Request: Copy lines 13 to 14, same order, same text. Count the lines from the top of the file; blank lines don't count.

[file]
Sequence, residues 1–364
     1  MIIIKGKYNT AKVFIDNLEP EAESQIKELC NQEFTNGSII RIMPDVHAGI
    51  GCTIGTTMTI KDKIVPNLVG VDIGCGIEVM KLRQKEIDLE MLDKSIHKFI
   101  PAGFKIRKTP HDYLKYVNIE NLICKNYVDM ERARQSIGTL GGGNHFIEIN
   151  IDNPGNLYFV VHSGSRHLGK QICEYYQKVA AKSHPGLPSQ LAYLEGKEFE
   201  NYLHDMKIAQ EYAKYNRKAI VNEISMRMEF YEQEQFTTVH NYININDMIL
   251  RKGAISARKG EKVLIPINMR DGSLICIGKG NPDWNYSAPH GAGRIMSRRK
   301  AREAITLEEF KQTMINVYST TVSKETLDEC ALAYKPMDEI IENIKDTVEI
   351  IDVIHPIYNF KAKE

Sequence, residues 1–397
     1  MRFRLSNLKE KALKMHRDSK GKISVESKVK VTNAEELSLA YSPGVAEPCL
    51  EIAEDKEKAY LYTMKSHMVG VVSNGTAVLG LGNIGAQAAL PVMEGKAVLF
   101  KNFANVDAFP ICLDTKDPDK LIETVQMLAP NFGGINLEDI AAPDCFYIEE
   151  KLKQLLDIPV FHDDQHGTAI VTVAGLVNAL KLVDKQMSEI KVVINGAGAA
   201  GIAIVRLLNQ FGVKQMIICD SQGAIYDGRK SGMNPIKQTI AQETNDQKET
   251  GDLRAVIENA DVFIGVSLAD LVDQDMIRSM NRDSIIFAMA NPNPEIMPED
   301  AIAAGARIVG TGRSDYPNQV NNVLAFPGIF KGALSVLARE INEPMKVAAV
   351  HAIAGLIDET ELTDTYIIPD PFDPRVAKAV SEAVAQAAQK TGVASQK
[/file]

   101  KNFANVDAFP ICLDTKDPDK LIETVQMLAP NFGGINLEDI AAPDCFYIEE
   151  KLKQLLDIPV FHDDQHGTAI VTVAGLVNAL KLVDKQMSEI KVVINGAGAA